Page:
The Rock Pit - Hard rock, Metal and Blues Interviews, news & reviews from Australia and around the world

The Rock Pit - Hard rock, Metal and Blues Interviews, news & reviews from Australia and around the world




APRIL 22 2014



It’s been a while since Winger’s last outing which came late last decade in the form of the impressive ‘Karma’ in 2009. As a band Winger has always unfairly attracted a fair amount of criticism especially in the early days when MTV lumped them in with the Hair Metal crowd and everyone from Beavis and Butthead and Metallica seemed to have a pop at them. The reality was of course that Winger was never really that standard ‘Hair band’, and were made up of a group of gifted musicians that leaned far enough into Prog territory, especially later on, to make them one of the more interesting bands to come out of that era.


After the initial burst of activity the band split in 1994 after the release of what may have been their finest album in ‘Pull’. The split saw Kip Winger go solo and Reb Beech lend his talents to a number of bands from Dokken to Whitesnake (the latter of which he still plays for).


2014 sees the band back again and in fine form with ‘Better Days Comin’’ – an album of surprising depth and variety. Playing it relatively safe the album starts out with a couple of straightforward enough rockers in ‘Midnight Driver of a Love Machine’, a title that may raise a few eyebrows amongst the knockers, but a song that delivers well enough; and ‘Queen Babylon’ which is a great  rock song.


‘Rat Race’ the first single is if anything even better, taking the trademark groove and adding the excess. For those that have seen the video and expect an album of the same driving riff-based rockers then you will be surprised by the variety that follows.


The title track ‘Better Days Comin’’ sees the band work up a funkier vibe; while ‘Tin Soldier’ seems to be the turning point of the album and adds a distinct Progressive vibe building off a simple keyboard intro the see the guitar crash in and repeat the refrain before it melts into vocal, keys and drums. It’s a track that has both power and light and shade, closer to Dream Theater than anything from the 80’s. ‘Ever Wonder’ that follows it gets all contemplative and takes the tone down even lower into ballad territory, leaning back even further to get us almost horizontal. It’s a great song and one where the subtlety works a treat.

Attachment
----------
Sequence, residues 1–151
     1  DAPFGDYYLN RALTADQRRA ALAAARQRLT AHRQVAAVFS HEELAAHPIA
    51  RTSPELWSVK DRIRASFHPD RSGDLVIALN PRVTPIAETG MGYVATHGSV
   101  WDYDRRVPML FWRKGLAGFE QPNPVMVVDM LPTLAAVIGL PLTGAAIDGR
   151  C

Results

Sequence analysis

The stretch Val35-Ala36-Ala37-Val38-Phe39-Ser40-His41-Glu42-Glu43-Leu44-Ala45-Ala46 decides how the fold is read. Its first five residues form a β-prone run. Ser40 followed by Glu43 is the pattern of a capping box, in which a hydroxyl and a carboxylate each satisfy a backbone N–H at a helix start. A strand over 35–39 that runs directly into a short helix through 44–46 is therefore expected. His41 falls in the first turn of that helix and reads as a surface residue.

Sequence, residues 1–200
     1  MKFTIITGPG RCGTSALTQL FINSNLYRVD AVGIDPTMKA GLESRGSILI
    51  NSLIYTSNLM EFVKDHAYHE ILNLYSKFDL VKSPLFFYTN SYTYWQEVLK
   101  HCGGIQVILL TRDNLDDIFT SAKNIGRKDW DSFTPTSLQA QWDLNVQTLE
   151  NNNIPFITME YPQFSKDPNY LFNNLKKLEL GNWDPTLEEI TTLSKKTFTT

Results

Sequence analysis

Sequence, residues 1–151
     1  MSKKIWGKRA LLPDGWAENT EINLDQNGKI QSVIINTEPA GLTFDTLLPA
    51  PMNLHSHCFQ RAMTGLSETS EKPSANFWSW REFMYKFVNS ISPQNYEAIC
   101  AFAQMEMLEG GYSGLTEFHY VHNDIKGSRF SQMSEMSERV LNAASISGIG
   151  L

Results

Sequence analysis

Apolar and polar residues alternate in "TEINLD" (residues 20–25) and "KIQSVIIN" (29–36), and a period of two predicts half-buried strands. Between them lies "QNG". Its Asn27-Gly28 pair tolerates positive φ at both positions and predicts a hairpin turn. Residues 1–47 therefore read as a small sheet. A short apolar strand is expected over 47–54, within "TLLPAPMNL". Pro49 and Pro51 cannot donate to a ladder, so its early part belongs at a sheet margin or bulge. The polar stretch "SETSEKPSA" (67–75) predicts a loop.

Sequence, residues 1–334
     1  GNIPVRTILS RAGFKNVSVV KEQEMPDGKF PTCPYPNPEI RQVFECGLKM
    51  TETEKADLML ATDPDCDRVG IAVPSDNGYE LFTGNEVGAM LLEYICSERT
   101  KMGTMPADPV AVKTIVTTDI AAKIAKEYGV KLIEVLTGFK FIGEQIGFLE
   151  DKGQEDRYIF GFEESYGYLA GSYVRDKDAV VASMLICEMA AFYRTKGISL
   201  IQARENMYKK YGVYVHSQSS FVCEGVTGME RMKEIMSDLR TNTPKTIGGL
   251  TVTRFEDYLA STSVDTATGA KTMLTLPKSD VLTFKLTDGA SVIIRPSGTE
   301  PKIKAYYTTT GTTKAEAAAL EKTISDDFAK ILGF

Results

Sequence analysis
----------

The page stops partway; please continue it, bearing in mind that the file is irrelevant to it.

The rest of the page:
Changing up again ‘So Long China’ retains a softer edge but kicks with a huge hook; while ‘Storm in me’ ups the ante further, resting on some solid, meaty guitar.  The album closes out with the light psychedilia of the trance-like ‘Be Who You Are Now’ which has an almost India-period Beatles-like quality; and the final word ‘Out of this World’ which as a final note leaves you wondering how the album will be received by fans and new audiences alike.


‘Better Days Comin’’ is neither the Winger of MTV (those days thankfully are long gone), nor is it the finery of ‘Pull’, or even the follow up to the solid and punchy ‘Karma’. What it is seems to be a band flexing their muscles as musicians and throwing up a few ideas into the air. There’s a distinct infusion of Prog here, whether it be in the strange tempos of songs like ‘Be Who You Are’ or the uneasiness of the almost ballad ‘Ever Wonder’.  It’s not the most immediate album, and it’s one that is likely to appeal more to fans of Winger’s lighter side. It does sound remarkably fresh though and by and large charts new territory for the band, I can see it confusing some and intriguing others. Its complex, at times challenging without overdoing it…  and it gets better with each listen.   



by Mark Diggins